As a writer I have no problem with suspensions to players, coaches and teams who play outside the rules. I applaud the NHL for suspending Craig Berube for his actions of chasing down Jeff Friesen and laying a beating on the prone player. What I do take an offense to is seeing a gross injustice passed down by the league offices. It takes two to tango, and the Anaheim Might Ducks were more than willing participants in this fiasco. It is obvious to all those who witnessed the action where the primary indiscretion was and who was responsible for the display at the end of the game. The smoking gun was there for all to see, but the NHL offices, your office in particular, ignored the obvious facts and swept them under the rug. I’m not sure how you can honestly sit in the NHL’s ivory towers and try to make people believe that Greg Gilbert is solely responsible for the actions that took place, and Bryan Murray is innocent. One coach sent two players out to wreak havoc, while one coach watched as his players responded in a manner in which they felt was appropriate. Murray sent his players over the boards knowing what they were going to do. Two of those players had no reasonable right to be on the ice in the particular situation under the given circumstances. Gilbert put a responsible lineup out on the ice, and his players reacted on their own accord. The difference is very plain to see.

The justice that you served up makes no sense what so ever. One team gets hammered for their part in a very embarrassing situation for the league. If both had been disciplined, and punished in a way that fit the crime for the transgressions that took place, then the league comes off looking great. But true to form, there is no consistency in the NHL justice system, and the league comes off looking like fools. In the past the league has been heavy handed in its approach to dealing with thugs that attack star players. Yet in this instance, one in which the NHL’s leading scorer was sucker punched, your office did nothing to the perpetrator of the act. Remember that the next time that Paul Kariya gets attacked or Joe Sakic absorbs a cheap shot. Berube got three games for jumping Friesen, yet Lambert gets nothing for an obviously premeditated act against the top scorer in the game. The logic of that move completely escapes me. You have set yet another ridiculous precedent that makes no sense, even to those with the dullest intellect.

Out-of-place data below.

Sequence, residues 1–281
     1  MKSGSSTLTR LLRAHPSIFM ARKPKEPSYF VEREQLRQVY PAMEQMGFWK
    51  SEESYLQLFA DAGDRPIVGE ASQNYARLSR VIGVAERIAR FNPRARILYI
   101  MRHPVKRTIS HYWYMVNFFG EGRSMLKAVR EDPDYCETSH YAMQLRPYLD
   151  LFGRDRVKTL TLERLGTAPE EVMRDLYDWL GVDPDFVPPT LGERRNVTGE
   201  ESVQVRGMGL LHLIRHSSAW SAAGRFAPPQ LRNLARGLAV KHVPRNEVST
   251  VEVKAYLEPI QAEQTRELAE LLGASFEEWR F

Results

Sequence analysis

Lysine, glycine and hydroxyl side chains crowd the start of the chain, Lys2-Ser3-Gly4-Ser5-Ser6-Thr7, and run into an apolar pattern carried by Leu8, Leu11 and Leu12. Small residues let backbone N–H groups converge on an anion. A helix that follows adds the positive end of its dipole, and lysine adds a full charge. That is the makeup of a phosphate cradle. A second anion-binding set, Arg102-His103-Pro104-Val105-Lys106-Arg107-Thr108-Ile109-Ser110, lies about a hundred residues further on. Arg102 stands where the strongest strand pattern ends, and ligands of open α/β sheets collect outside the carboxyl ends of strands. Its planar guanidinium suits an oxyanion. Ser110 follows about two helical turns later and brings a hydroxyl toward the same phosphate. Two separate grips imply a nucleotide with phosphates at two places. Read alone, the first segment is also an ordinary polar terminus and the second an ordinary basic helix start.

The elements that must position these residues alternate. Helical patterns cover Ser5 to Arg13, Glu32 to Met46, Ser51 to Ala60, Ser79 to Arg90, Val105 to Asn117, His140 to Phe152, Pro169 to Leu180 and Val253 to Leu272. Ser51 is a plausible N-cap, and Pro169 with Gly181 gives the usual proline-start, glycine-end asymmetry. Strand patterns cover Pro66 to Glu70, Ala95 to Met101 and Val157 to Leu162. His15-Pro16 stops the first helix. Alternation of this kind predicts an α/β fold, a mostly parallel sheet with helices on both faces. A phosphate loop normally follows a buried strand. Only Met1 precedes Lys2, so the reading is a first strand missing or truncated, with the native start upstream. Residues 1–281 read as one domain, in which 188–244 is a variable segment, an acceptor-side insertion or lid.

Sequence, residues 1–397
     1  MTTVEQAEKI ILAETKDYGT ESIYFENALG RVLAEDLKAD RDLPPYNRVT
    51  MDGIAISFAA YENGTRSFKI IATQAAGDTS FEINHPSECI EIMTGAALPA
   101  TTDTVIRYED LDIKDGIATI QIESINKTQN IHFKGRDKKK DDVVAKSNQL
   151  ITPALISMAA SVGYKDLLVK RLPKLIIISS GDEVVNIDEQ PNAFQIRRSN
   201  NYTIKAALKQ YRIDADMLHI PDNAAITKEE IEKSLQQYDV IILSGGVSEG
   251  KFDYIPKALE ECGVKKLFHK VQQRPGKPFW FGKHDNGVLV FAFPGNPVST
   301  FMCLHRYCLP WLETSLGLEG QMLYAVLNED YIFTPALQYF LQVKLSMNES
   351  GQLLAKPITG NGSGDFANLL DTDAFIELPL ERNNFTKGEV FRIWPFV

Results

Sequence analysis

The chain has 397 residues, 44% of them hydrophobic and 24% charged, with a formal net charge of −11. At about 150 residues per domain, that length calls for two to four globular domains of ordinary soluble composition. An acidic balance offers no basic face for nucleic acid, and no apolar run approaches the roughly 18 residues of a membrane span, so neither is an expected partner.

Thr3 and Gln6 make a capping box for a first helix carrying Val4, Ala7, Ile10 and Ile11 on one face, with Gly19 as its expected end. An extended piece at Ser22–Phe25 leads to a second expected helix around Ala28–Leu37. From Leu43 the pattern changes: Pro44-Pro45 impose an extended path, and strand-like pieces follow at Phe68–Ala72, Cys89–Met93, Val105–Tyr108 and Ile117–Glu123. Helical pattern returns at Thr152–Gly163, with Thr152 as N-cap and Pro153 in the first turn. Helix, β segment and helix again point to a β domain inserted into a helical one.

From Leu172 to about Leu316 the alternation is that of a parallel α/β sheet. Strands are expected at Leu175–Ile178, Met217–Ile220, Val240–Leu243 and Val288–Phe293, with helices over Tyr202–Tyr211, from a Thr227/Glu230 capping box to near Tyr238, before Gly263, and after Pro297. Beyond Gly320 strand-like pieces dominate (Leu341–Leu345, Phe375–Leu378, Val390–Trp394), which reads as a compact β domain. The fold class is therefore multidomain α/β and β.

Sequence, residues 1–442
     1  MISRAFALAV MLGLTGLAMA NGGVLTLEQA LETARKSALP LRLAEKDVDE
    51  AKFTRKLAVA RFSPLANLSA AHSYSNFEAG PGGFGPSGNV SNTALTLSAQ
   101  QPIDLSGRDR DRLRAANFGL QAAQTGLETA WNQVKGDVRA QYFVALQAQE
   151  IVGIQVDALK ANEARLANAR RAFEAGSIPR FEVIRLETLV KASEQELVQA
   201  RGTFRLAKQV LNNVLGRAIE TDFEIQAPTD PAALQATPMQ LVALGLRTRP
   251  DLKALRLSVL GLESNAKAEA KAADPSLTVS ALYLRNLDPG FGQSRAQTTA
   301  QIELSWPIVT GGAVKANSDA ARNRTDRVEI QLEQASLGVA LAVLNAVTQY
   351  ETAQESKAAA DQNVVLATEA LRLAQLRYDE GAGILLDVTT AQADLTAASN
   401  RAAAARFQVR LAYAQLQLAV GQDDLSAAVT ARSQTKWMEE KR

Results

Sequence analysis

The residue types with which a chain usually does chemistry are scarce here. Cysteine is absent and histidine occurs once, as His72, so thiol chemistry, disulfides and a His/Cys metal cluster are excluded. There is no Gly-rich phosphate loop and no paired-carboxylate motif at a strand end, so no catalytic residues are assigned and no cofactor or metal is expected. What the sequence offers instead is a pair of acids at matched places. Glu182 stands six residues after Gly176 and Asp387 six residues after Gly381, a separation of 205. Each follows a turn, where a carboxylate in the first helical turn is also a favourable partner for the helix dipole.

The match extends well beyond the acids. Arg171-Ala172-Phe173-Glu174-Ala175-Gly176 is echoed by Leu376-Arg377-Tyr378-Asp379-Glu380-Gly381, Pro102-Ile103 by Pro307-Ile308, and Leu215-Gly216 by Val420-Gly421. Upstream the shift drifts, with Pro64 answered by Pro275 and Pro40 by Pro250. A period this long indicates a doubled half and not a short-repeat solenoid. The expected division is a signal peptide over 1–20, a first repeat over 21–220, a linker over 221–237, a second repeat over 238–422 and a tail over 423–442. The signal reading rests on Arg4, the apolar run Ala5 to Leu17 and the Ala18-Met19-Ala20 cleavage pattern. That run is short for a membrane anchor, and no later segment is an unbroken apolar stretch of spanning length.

The outcry from this incident has been extremely interesting. It has left many scratching their heads and wonder if the NHL “old boys club” had a significant role in your decision. Based on the evidence at hand, this was far from a just verdict. To compound the frustration the fans are feeling, the communication coming from the league offices has also been questionable. There is evidence to support complaints from fans who have contacted you in regards to this subject that your have been less than professional. I suspect that it would be yet another black eye for the league should those responses happen to hit the mainstream media. I think you should carefully consider your next actions.

Do us all a favor Mr. Campbell, resign. Turn in your gavel and take up golf. You obviously do not have the capabilities to be an impartial judge of events. You definitely have shown that you do not have the intestinal fortitude to make the tough calls when required, nor the ability to make consistent judgements. The only thing that you consistently do provide is fodder for the media and the opportunity to make jokes at the league’s expense. I suspect that the best thing for the NHL would be for you to be in a position where your most difficult decision in a day is whether you hit a five or six iron on your next shot.


Tony Bryson